And so we’re focused on these earnest categories – health, education, public safety – but people who will drive the adoption of very high-capacity low-latency networks will be looking for presence and entertainment. And presence-based entertainment.
And yet we’re stuck with our world views.
I love the three-word introduction ceremony, even though it doesn’t really scale. It’s important; it’s something we do to be present to one another. One of you said “Life is good” as his three words. In many ways, the idea that “life is good” is right. The world is in good shape — in fact the best shape that that it’s ever been in. People are better fed these days, on average. We’ve got low infant mortality, child labor has become unacceptable, as has illiteracy and unsafe water. Goods are cheaper relative to incomes.
But. We’ve just learned that atmospheric carbon levels are higher than they’ve ever been in human history. Trust in government and other institutions is at historically low levels. Cynicism abounds; the honeybees are vanishing.
It’s a paradox. Better lives, but increasingly difficult challenges. And it does seem that we have become disconnected.
Nipun Mehta recently gave a graduation speech that really struck me – he said: “The average American adult reports having just one real friend that they can count on. Just one. And for the first time in 30 years, mental health disabilities such as ADHD outrank physical ones among American children.”
So here’s our chance to support real-world ties with technology, because we’re getting closer to full-bandwidth communications. That’s presence. That’s the killer app. What we’re going to do, here in America, is combine presence, the thing people long for, with ingenuity – our undying entrepreneurial spirit, which is the envy of the world. (Just as our telephone system was when it was introduced.)
Because in South Korea, they’ve got better networks, better connectivity, but they’re not as innovative (really) as we are. Kids don’t really start new things there, because if they do Samsung will crush them.
But here, we may be able to figure out how to make authentic friendship possible over high-capacity networks. That’s what’s next. Presence; visual literacy; a new form of relating. Ingenuity is our comparative advantage as Americans.
What will it take to get there?
The first key is to be generous. Whatever it takes, we need at this juncture in our history to replicate the success of TCP/IP – which is given away, at no charge, to any computer that wants to speak Internet. It was pushed with great energy by the US Government. It became an instrument of our foreign policy. Everyone will think we have a hidden agenda, but it’s just a best practice for successful ecosystems. We need open standards that everyone adopts for new presence-based applications, so that developers can reliably write and users can reliably use. If we share this – even with people in foreign countries – we will still do better. We did better with the first generation of the Internet, and we’ll do better with this next generation.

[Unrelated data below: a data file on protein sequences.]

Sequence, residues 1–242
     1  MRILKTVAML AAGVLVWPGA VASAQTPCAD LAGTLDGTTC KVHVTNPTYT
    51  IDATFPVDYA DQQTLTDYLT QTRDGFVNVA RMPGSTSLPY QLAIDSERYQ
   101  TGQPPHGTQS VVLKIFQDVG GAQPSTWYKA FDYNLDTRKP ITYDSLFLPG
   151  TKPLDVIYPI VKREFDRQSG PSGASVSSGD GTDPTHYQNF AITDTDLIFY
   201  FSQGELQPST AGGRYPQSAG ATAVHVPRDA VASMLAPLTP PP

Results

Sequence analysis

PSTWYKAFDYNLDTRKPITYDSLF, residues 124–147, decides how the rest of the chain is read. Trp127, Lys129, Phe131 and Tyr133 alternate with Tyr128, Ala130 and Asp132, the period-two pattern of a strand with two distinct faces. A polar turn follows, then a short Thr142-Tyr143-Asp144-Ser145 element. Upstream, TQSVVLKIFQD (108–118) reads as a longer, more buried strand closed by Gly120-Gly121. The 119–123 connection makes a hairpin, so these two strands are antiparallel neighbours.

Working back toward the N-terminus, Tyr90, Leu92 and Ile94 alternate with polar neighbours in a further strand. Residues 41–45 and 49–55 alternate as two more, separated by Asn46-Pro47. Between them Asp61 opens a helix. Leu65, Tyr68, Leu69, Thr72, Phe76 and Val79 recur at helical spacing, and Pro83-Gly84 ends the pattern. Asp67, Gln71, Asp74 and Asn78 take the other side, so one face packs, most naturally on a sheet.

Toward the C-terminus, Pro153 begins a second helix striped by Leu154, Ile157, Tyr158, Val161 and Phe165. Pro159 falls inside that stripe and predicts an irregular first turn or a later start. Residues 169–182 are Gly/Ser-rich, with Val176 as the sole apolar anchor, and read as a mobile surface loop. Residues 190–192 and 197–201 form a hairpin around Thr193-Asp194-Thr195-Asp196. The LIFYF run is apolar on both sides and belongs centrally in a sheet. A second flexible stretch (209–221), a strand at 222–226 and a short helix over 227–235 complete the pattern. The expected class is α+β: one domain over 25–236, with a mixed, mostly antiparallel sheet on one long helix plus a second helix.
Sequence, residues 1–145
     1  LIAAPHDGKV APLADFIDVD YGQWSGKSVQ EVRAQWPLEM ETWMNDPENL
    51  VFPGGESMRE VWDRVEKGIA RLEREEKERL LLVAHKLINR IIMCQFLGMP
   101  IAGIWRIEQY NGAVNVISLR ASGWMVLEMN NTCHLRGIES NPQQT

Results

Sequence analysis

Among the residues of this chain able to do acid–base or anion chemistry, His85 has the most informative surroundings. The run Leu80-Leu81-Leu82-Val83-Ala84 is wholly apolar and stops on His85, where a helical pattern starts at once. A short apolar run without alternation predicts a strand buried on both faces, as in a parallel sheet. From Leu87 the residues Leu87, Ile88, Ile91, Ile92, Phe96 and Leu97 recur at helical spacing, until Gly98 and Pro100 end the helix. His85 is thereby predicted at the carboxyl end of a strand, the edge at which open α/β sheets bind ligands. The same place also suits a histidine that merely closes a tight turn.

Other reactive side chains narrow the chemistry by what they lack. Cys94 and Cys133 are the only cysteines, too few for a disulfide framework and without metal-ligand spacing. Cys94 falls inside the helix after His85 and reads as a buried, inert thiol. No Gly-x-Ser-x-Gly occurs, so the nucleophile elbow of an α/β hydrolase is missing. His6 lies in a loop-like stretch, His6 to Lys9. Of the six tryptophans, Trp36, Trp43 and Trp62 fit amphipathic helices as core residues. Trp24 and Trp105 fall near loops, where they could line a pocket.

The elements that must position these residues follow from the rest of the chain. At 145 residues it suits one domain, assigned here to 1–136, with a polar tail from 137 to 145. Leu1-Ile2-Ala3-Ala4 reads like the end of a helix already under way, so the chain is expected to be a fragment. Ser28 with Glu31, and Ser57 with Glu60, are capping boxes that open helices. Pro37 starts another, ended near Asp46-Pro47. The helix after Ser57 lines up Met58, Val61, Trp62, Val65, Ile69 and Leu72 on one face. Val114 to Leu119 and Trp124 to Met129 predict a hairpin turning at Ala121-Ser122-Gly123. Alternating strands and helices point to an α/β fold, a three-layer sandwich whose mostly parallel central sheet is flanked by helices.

We need to be generous with assistance for people who want to build these networks, as well. And there are lots of heroes here – Jim Baller, community leaders, Lev Gonick, Blair Levin, John Tolva, innumerable others I don’t know yet. It really is a chicken and egg problem, and without local infrastructure we’ll never get the sandbox and the jealousy that will drive mayors to require that these networks be built for their citizens.
And without that we’ll never get the national policy – forwarded by local infrastructure banks and the availability of tax-exempt bonds not subject to private use rules- that will make gigabit networks standard everywhere – so that our fiber network is the envy of the world. Just like our phone network once was.
It’s a little odd, as someone I know said recently, that “we are all totally comfortable with the idea that “a house” just naturally comes with a water line, power line, sewer line and, in many places, a gas line. Nobody imagines that these are some sort of huge impossible investments to make. Yet there is this weird mental fog around running a physical fiber to your house.”
The second requirement is to be inclusive.
Kindness for all of us needs to be a way of life. The applications we build and the networks we forward need to be for everyone. We can’t do this alone – as a nation, as a democracy. Soldiers don’t leave anyone behind on a battlefield. We can’t afford to leave half of us behind when it comes to high-speed Internet access over fiber.
We need abundance, for everyone.
So, that’s the answer – as Nipun Mehta might say, we’re in the middle of a paradox of connection, and the good news is that we all, working together, can repair this.
Onward. Remember the telegraph guys, and don’t repeat their mistakes.